unit, was leased to a market-rate tenant, Units 1, 2, and 3 ceased to be treated as low-income units. On that date, Units 4, 5, 8, and 9 were the only remaining low-income units. Because the Project owner did not maintain five of the residential units as low-income units, the qualified basis in the building is reduced, and credit must be recaptured. If the project owner had rented Unit 10 to a qualified resident, eight of the units would be low-income units. Units 1, 2, and 3, the over-income units, could then be rented to market-rate tenants because the building would still contain five low-income units. Example 2. This example illustrates the provisions of paragraph (d) of this section. A low-income project consists of one six-floor building. The residential units in the building are identically sized. The building contains two over-income units on the sixth floor and two vacant units on the first floor. The project owner, desiring to maintain the over-income units as low-income units, wants to rent the available units to qualified residents. J, a resident of one of the over-income units, wishes to occupy a unit on the first floor. J's income has recently increased above the applicable income limitation. The project owner permits J to move into one of the units on the first floor. Despite the increase in J's income, J is a qualified resident under the available unit rule because J is a current resident of the building. The unit occupied by J becomes an over-income unit under the available unit rule. The over-income units in the building continue to be treated as low-income units. (h) Effective date. This section is effective on the date final regulations are published in the Federal Register.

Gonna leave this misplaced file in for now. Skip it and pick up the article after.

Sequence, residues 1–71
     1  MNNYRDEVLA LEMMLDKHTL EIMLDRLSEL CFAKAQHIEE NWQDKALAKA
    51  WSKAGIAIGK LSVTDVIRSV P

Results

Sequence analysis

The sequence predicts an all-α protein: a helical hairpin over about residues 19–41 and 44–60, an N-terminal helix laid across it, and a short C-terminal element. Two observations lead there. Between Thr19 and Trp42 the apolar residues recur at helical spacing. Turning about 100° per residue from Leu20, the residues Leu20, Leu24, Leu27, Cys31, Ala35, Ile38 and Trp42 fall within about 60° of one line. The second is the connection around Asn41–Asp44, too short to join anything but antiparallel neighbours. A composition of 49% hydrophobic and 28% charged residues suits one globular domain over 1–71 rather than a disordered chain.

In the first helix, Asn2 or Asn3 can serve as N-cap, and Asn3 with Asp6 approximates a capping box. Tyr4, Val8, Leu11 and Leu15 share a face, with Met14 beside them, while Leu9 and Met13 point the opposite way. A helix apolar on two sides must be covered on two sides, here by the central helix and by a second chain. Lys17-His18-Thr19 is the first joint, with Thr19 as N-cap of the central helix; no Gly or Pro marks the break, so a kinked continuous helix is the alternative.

Margaret Milner Richardson Commissioner of Internal Revenue